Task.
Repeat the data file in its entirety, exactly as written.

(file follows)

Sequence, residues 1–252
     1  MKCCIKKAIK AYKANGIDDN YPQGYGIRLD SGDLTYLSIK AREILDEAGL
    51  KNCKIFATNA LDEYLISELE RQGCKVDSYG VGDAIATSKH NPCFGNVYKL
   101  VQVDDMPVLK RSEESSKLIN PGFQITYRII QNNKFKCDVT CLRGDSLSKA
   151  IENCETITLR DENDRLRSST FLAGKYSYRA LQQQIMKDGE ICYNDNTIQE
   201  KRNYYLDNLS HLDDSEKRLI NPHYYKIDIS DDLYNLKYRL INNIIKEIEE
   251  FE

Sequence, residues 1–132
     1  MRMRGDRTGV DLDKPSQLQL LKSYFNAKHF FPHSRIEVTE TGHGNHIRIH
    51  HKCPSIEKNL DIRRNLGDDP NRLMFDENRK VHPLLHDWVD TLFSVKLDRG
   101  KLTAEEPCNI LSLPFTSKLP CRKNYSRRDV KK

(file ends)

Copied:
Sequence, residues 1–252
     1  MKCCIKKAIK AYKANGIDDN YPQGYGIRLD SGDLTYLSIK AREILDEAGL
    51  KNCKIFATNA LDEYLISELE RQGCKVDSYG VGDAIATSKH NPCFGNVYKL
   101  VQVDDMPVLK RSEESSKLIN PGFQITYRII QNNKFKCDVT CLRGDSLSKA
   151  IENCETITLR DENDRLRSST FLAGKYSYRA LQQQIMKDGE ICYNDNTIQE
   201  KRNYYLDNLS HLDDSEKRLI NPHYYKIDIS DDLYNLKYRL INNIIKEIEE
   251  FE

Sequence, residues 1–132
     1  MRMRGDRTGV DLDKPSQLQL LKSYFNAKHF FPHSRIEVTE TGHGNHIRIH
    51  HKCPSIEKNL DIRRNLGDDP NRLMFDENRK VHPLLHDWVD TLFSVKLDRG
   101  KLTAEEPCNI LSLPFTSKLP CRKNYSRRDV KK